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St Hilarion the Great

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St Hilarion the Great Abbot Confessor (c.291 —c.371) Saint of the day October 21

 

 

St Hilarion the Great

Abbot Confessor (c.291 - c.371)

Saint of the day October 21

 

Born of pagan parents, near Gaza in Palestine, St Hilarion attended the schools at Alexandria, Egypt, and there converted to Christianity. At 15, having heard the reports about the saintly “Father of Anchorites”, St Anthony the Great, he spent two months in the desert under his personal guidance imbibing the life of penance and contemplation. On his return to Palestine, noting that both his parents had died, he divided his fortune among the poor before retiring to a little hut in the desert of Majuma near Gaza, where, living in abject poverty, he devoted himself to the austere life of an anchorite, thus becoming the first known hermit of Palestine. For his upkeep, he wove baskets and grew his own vegetables. The one frugal meal that he permitted himself each evening after sunset consisted of a small piece of bread and some herbs or vegetables. Religious exercises filled most of his waking hours.

 

In time, God granted Hilarion the gift of miracles the ability to perform supernatural cures and to exorcise possessed persons. His guidance came to be so much in demand, with curious pilgrims arriving by the thousands, that he found it more and more difficult to make time for his personal devotions. Many heathens were converted to the faith and the group of disciples that had settled near him grew considerably. His attempts to flee from it all proved futile, and only when he went on a hunger strike was he finally permitted to depart.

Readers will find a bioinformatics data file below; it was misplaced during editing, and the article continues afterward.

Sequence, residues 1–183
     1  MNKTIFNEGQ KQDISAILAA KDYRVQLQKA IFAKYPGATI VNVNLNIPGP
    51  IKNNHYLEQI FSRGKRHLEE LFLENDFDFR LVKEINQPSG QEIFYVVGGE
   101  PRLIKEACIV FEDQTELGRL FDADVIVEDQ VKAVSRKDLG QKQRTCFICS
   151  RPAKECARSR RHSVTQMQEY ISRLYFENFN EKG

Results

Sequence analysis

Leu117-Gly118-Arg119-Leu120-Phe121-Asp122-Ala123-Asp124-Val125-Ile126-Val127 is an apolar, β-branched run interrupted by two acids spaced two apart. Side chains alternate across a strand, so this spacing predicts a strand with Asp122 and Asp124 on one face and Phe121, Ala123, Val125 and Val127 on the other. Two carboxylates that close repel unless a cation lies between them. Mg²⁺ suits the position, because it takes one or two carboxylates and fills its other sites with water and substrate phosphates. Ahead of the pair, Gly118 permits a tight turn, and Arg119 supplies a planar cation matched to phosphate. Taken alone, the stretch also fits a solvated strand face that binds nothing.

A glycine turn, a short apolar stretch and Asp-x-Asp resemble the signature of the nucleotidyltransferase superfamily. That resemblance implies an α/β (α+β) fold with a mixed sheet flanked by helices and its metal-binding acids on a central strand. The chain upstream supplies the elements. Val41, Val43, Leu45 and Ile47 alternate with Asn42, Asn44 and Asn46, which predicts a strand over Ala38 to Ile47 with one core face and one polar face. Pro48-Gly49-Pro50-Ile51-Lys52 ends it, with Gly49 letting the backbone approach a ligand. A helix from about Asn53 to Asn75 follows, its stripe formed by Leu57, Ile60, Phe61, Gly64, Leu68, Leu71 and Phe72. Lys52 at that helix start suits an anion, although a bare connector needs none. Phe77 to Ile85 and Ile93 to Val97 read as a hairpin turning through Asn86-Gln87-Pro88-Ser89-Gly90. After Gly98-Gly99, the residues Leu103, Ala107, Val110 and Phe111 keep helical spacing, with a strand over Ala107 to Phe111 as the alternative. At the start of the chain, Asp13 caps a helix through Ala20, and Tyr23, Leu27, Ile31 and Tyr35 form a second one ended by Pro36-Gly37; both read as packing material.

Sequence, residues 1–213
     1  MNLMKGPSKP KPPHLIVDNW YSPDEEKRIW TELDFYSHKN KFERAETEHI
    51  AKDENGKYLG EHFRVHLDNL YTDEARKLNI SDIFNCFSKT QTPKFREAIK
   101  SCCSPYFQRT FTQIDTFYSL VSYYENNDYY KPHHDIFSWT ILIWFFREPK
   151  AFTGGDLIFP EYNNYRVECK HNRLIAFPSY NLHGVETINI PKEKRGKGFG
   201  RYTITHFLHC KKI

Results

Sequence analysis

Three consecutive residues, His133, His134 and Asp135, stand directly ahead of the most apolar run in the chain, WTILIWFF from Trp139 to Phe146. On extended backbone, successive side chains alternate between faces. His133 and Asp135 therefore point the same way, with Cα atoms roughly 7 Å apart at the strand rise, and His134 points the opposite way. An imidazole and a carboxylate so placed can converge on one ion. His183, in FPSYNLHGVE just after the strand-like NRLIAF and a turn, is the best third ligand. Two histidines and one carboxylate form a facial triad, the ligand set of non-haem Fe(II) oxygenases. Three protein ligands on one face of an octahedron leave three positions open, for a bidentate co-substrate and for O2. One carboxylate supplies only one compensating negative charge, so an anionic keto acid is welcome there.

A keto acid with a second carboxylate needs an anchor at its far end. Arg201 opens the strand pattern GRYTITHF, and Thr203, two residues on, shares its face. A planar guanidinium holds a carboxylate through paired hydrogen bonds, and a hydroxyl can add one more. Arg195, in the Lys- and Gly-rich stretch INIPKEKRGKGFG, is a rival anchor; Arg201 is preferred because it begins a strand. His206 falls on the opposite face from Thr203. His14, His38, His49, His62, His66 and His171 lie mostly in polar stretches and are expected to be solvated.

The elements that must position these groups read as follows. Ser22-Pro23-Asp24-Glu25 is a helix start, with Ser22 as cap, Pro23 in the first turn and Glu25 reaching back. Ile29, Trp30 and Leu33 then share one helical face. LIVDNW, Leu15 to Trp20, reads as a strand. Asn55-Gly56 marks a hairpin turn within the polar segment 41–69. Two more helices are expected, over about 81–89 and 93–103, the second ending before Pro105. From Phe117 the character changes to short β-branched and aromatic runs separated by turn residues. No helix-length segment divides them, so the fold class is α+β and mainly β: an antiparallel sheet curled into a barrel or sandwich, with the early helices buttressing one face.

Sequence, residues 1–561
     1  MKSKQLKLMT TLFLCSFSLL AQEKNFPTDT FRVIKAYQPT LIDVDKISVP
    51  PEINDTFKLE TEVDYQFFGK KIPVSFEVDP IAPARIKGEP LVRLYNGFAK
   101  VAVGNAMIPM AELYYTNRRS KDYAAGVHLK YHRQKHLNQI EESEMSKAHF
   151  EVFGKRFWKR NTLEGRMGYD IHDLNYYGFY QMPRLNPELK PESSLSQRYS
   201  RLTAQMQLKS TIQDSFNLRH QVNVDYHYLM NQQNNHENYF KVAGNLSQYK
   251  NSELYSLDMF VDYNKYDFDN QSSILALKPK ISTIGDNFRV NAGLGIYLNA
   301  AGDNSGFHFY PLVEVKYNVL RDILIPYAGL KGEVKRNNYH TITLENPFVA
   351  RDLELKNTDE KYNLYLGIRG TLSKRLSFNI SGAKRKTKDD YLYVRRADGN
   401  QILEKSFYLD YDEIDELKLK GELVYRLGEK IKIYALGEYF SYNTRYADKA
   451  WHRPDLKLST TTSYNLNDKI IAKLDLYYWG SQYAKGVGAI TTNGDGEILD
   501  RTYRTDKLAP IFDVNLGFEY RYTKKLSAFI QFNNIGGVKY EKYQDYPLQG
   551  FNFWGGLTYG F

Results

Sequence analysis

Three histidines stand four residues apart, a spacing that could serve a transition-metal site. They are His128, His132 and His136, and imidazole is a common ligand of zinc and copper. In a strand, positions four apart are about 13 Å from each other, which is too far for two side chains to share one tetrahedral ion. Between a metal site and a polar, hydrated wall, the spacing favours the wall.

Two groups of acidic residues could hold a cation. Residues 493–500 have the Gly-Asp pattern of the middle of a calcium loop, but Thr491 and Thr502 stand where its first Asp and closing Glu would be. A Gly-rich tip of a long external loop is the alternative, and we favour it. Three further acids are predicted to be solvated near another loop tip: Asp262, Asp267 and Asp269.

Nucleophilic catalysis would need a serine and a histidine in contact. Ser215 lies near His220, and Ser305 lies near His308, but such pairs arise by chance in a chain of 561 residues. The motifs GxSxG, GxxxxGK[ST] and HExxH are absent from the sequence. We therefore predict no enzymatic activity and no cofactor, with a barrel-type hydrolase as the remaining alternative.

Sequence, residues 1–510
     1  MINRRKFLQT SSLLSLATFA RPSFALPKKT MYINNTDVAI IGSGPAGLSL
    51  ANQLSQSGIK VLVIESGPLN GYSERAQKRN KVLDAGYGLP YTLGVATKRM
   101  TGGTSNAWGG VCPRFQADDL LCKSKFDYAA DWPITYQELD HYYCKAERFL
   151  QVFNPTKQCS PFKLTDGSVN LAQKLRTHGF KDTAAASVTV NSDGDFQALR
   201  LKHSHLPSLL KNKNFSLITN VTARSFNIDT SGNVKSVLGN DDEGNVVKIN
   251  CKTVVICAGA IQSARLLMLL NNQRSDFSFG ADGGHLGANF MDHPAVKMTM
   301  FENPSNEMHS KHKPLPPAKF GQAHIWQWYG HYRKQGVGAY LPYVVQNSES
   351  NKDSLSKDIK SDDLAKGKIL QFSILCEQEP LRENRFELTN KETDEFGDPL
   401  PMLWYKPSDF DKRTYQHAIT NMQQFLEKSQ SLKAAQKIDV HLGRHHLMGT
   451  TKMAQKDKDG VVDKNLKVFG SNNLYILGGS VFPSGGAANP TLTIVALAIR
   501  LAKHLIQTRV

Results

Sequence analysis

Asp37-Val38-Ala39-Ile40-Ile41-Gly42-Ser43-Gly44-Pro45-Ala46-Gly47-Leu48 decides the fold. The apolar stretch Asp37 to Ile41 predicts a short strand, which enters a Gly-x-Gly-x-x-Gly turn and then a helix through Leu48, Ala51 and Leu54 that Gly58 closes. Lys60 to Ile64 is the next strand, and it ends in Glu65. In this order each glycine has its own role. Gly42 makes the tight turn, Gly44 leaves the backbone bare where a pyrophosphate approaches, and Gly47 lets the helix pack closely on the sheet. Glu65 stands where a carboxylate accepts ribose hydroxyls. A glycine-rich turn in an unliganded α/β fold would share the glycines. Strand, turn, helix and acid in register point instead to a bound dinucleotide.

By now 69, Hilarion first returned to Egypt and revisited the places which were associated with the memory of St Anthony who had died there five years before, and during the Julian persecution he managed to escape his pursuers by retiring into the Lybian desert. When this danger had passed, he crossed over to Sicily and lived there as a hermit until he was discovered by one of his former disciples. Then, in a renewed search for solitude and to avoid the adulation of would-be followers, he journeyed to Dalmatia (Yugoslavia) and then to the island of Cyprus, where he died in a lonely cave at the age of 80. His body was returned to Majuma.

 

St Hilarion, whose biography was written by St Jerome, was the first non-martyr to be officially honoured in the Eastern Church as “Confessor”, just as St Martin of Tours was the first in the West.

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